Modifying func_closure

Jacek Generowicz jacek.generowicz at cern.ch
Sun Jul 11 10:30:37 CEST 2004


On 11 Jul 2004, at 06:17, Robert Brewer wrote:

> I asked:
>> Which immediately brings up the question: why not use a
>> class instead?
>
> to which Jacek replied:
>> a) The closure is faster, and my inner loops consist almost
>> entirely of them.
>>
>> b) The closure is much clearer, shorter and more convenient.
>> I have so many of these things that using the class version
>> would make the code a real mess.
>>
>> c) The closure can be stuck on to a class, and works as a
>> method (bound & unbound and all that).
>>
>> d) The outer function which creates the closure can be a method
>> of a class.
>>
>> Probably quite a few more ...
>
> I have to wonder about 'b'; does anyone have an example where a 
> closure is clearer?

Well, I guess that you can't argue with it being shorter and more 
convenient: with the closure you do away with the constructor (in which 
you explicitly enclose the variables you need), and you don't need to 
use "self" to refer to the enclosed variables in the closure itself. If 
you have only one closure, referring to the state, then the class-based 
version can use __call__ to simulate function-call syntax, but if the 
state is shared between more than one closure, you need to prepend 
calls with some instance name. All this is just simple fact: the 
closure version is more concise.

Whether it's clearer, is, of course, a matter of opinion. If Python 
formed your programming mind, and you believe in the third line of the 
Zen of Python to the extreme, then you will probably find the 
class-based version clearer; if you are comfortable with lexical 
scoping, then you will probably find the closure clearer.

Personally, I (would) find it annoying to have to install the plumbing 
myself every time. In the application I'm writing at the moment, I have 
many functions which generate other functions. When I need the 
generated function to have some state, it requires exactly zero extra 
effort on my part: I merely refer to the variable just like any other,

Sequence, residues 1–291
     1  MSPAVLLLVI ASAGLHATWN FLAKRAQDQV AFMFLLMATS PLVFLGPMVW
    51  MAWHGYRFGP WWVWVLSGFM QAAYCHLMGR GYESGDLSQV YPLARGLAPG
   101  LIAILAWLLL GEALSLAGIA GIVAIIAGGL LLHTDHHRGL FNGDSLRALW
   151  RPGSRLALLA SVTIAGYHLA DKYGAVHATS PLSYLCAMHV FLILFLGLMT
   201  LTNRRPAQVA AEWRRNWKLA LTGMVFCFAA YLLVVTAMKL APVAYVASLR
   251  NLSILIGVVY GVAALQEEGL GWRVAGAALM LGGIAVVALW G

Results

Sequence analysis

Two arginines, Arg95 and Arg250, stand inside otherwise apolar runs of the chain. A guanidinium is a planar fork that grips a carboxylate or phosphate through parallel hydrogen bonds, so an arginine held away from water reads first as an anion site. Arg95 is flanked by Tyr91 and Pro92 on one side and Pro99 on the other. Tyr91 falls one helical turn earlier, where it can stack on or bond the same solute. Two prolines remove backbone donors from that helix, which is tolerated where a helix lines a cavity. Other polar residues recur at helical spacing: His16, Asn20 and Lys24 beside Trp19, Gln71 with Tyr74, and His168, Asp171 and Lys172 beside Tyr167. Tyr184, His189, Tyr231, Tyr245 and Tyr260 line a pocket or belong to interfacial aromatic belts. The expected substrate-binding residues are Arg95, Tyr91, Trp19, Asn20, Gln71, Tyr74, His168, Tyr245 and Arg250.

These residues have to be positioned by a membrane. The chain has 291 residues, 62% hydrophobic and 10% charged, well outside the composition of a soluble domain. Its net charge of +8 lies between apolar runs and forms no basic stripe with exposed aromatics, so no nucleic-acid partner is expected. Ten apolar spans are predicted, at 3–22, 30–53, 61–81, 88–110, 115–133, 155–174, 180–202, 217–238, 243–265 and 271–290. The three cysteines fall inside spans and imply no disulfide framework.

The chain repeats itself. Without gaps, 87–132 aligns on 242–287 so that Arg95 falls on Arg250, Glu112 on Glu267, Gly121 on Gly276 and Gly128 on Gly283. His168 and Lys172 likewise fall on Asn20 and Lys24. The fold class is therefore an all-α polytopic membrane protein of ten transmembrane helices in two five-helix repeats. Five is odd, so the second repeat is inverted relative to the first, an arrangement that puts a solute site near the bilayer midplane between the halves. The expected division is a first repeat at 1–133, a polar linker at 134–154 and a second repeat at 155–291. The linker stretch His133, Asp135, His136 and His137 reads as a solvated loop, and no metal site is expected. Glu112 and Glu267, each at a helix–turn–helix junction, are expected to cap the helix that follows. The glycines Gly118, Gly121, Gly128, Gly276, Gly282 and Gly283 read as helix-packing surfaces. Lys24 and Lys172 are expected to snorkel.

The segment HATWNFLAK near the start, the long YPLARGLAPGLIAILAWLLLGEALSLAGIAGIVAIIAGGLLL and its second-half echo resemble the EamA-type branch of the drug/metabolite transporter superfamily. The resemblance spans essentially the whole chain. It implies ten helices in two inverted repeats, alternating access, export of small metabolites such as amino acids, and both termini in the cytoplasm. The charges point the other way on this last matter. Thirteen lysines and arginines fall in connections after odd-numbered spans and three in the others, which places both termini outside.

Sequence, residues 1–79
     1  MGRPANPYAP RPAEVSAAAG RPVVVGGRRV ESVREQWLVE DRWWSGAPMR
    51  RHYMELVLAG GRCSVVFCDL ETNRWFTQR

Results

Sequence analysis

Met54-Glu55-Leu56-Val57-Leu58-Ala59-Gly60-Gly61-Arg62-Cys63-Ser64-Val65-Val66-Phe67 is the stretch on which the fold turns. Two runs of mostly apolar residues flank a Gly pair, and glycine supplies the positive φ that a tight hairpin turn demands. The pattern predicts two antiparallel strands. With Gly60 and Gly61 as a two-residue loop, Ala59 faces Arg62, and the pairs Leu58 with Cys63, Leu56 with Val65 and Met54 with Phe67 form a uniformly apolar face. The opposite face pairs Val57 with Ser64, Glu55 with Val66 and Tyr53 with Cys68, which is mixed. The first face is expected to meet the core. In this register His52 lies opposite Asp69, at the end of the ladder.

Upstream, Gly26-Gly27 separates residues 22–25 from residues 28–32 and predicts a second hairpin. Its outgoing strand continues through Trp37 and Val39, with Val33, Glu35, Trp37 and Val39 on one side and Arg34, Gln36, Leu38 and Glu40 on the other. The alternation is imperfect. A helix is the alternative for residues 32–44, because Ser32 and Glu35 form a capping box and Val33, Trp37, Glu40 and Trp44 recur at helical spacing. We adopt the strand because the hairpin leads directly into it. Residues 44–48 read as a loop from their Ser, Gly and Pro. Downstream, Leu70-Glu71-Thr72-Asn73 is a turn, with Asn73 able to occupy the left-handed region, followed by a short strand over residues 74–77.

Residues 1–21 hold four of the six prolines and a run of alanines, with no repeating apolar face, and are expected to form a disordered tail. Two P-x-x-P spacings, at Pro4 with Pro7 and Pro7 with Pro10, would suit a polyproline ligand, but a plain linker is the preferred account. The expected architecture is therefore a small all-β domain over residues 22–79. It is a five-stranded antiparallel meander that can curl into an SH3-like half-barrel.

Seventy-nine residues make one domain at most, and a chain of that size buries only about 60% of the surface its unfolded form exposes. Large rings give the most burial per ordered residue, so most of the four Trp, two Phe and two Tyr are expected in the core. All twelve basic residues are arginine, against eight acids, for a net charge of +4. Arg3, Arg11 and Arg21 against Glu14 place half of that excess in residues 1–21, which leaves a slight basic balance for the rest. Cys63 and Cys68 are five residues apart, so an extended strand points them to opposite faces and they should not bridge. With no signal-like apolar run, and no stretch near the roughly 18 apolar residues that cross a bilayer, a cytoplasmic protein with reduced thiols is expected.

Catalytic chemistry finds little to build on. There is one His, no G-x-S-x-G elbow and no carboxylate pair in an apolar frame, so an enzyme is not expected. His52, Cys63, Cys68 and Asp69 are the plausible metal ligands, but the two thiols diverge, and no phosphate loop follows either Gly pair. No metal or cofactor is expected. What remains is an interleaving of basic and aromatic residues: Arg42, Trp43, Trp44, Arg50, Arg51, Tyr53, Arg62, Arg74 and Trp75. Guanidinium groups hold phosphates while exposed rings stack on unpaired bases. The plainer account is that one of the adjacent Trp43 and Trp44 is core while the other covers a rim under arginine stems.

and it works. If I had to use the class, I would need to rewrite the 
code, add the plumbing, the generated function would require extra work 
before it could be used as a method (and it's impossible before Python 
2.3[*]), and I wouldn't be able to generate it in methods of a class. 
Sorry, I'm not going to come up with code samples showing that the 
closure is clearer, because the class-based version is (to me) so 
inconvenient that I just can't be bothered to even try to make it work 
in the interesting situations.

>  Yes, this means you have to invent syntax to mutate the cell variable 
> if you want to discuss it. ;) Having perused previous discussions, I 
> think I'm favoring the 'lexical'/'outer' keyword idea; seems we're 
> just waiting for someone to write a PEP...

A "lexical" keyword would (sorry, I haven't googled for the 
discussions, so I'm guessing what was proposed: essentially the same as 
the "global" keyword) certainly be least surprising to Pythoneers, but 
it would require the introduction of a new keyword, which means any 
such proposal is likely to be rejected.

An alternative solution, coming from the "Classes are Python's 
mechanism for sharing state" school of thought, could be to endow 
classes and instances with the function descriptors which are 
responsible for binding methods - not sure what would happen when you 
want an instance method to be bindable again ... or some approach based 
on subclassing FunctionType.

But the bottom line is, when I want functions which happen to have some 
state, I really don't want to have to go to the hassle of simulating 
them with classes. Closures are an extremely, simple, easy, clear and 
efficient way of adding state to a functon. It's just a pity that that 
state is not mutable.


[*]  I may be wrong about this, as I don't actually use the class 
version myself, so I don't really care ... but I think there was an 
issue with MethodType not being instantiable before Python2.3 (or 
something along those lines, at least). IIRC, Michael Hudson pointed 
out to me that something which I assumed did not work (because it 
didn't in 2.2), actually did work (in 2.3) ... all on c.l.py.





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